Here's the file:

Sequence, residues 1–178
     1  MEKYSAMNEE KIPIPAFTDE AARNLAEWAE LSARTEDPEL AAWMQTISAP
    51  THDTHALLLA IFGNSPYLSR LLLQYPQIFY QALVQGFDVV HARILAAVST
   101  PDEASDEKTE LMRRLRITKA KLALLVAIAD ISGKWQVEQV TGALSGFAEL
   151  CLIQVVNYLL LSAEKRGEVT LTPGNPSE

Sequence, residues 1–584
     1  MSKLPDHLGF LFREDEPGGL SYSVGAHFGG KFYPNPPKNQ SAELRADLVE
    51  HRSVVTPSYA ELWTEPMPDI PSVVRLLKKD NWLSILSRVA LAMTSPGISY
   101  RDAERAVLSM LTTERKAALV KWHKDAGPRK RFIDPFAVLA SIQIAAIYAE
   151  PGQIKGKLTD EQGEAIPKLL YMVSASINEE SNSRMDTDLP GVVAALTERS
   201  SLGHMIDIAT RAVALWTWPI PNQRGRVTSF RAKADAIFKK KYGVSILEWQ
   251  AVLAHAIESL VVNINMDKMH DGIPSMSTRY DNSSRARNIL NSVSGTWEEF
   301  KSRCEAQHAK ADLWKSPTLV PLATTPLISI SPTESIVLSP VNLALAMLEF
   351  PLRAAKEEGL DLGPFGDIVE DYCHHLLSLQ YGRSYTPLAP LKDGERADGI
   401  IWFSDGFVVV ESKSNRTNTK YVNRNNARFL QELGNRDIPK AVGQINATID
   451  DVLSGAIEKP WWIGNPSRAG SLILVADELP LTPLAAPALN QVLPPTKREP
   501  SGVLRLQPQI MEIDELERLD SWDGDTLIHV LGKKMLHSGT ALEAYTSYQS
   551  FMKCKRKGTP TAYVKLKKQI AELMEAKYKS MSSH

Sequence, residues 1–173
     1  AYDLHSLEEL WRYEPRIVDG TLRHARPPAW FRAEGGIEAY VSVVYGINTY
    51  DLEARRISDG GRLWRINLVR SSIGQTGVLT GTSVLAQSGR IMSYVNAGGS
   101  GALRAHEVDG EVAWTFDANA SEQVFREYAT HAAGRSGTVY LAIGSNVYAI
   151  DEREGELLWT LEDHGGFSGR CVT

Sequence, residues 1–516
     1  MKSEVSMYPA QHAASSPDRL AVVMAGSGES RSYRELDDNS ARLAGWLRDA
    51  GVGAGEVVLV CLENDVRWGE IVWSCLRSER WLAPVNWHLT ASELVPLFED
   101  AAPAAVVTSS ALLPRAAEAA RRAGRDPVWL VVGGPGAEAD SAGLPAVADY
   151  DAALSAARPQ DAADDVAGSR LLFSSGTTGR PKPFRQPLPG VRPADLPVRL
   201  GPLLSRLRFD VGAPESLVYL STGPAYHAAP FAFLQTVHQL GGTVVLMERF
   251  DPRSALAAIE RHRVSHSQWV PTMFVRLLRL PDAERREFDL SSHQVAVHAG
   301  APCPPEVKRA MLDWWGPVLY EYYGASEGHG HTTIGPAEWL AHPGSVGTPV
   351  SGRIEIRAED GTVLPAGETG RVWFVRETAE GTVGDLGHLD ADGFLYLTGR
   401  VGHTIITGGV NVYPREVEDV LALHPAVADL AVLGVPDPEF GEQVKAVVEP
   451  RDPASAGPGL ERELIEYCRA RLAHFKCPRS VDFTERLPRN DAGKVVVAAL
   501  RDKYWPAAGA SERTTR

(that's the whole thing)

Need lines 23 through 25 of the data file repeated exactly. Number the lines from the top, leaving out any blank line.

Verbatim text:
   151  DEREGELLWT LEDHGGFSGR CVT

Sequence, residues 1–516
     1  MKSEVSMYPA QHAASSPDRL AVVMAGSGES RSYRELDDNS ARLAGWLRDA